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Mobile Trendsetter: Chris Marsh, Yankee Group

Chris Marsh Headshot.jpgLast week we chatted with Al Sacco of CIO.com, who talked with us about wearable technology, BYOD and the changing role of the CIO. To continue our Mobile Trendsetter Interview Series on the HP Enterprise Services Blog, we met with Chris Marsh, Principal Analyst with Yankee Group.

 

Chris is one of the top thought leaders on how mobile, social and cloud technologies are impacting enterprises.

 

Of course, we wanted to learn more about Chris’ take on the current state of the enterprise and mobility, so we sat down with him to discuss:

 

 

Tell us about yourself—what is your role in the technology industry and how did you get here?

 

Chris: I am a principal analyst with Yankee Group. Combined with our parent company the 451 Group, we have one of, if not the largest, dedicated enterprise mobility research practices. In our practice we focus on the innovation that is driving, and at the same time disrupting, mobile strategies for the enterprise. IT is rarely given the opportunity to start fresh with a blank slate, so any mobile strategy must contend with legacy infrastructure. Our research will guide companies in bridging the gap between current architectures and a mobile first world. Within this team my own particular research focuses around enterprises’ mobile application strategies.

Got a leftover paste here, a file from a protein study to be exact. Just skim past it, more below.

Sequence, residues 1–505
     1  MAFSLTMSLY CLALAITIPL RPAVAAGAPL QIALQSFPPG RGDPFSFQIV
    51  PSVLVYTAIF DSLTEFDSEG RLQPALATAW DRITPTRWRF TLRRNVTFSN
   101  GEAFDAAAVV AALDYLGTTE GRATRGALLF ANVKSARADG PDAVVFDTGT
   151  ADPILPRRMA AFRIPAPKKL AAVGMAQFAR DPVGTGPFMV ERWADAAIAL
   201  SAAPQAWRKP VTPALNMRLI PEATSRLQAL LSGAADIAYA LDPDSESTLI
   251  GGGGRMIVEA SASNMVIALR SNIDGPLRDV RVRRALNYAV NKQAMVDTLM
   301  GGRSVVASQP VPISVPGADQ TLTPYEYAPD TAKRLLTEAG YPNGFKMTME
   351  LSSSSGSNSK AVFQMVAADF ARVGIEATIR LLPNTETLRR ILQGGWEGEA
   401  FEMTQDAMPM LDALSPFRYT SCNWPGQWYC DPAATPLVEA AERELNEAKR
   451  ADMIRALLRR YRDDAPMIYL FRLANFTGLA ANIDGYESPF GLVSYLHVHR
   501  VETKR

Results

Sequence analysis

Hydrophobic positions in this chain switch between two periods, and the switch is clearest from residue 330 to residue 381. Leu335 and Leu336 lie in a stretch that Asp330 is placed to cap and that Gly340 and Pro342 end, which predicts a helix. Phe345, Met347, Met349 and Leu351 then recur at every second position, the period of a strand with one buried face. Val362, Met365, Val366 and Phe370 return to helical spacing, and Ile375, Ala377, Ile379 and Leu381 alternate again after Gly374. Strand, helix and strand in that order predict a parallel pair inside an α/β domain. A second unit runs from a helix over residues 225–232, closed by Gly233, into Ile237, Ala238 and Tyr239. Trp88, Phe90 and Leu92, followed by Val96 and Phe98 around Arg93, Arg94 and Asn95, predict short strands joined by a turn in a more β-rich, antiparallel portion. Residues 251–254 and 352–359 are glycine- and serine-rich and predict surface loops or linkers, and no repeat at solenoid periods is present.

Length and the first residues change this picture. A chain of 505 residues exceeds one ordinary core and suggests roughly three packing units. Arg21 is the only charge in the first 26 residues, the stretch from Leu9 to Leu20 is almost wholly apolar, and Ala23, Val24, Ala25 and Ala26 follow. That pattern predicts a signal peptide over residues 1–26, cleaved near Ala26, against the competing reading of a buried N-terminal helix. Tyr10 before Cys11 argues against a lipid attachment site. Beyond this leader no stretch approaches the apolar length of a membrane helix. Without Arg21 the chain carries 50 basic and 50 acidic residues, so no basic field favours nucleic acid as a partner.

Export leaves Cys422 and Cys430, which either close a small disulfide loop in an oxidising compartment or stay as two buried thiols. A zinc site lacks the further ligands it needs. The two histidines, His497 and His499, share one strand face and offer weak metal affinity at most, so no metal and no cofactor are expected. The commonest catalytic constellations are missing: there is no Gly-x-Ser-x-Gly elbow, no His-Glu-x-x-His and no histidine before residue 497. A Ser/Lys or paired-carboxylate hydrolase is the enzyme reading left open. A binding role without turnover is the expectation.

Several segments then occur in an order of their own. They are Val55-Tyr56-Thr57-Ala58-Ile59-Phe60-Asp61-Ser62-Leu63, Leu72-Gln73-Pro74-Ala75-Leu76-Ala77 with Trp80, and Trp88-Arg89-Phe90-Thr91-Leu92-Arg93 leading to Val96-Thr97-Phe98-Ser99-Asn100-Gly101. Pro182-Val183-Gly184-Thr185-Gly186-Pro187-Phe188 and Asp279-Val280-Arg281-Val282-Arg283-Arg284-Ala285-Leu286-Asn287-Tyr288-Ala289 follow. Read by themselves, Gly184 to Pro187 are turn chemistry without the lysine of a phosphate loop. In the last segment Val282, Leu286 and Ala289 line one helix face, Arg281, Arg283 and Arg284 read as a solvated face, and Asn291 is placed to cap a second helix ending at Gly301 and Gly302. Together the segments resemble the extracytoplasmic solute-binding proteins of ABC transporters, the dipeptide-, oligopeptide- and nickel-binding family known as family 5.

Mobility is a mega trend impacting both consumers and businesses. How do you see mobility changing the enterprise?

 

Chris: If we extend the definition of ‘mobility’ to include the raft of wearable, Internet of Things, beacon and other sensors then there will be more data, more contextual awareness in that data and more intelligence that can be applied to continually enhance the value of that data to the enterprise. This will allow them to fundamentally re-envision how they engage their customers, employees and partners. The new business models that will arise around the mobile channel as the delivery of new experiences, workflows and processes will be transformative for entire industries.

 

How is consumerization and BYOD affecting enterprises?

 

Chris: A condensed way to think about the major dynamics that mobility is driving for the enterprises are the three C’s – consumerization, complexity and consolidation. Our own 2014 US Enterprise Mobility: Employee Survey, June, shows that 62 percent of all US employees use a smartphone for some kind of work purpose with 79 percent of those devices being employee owned.

 Chris Marsh Quote 1.jpg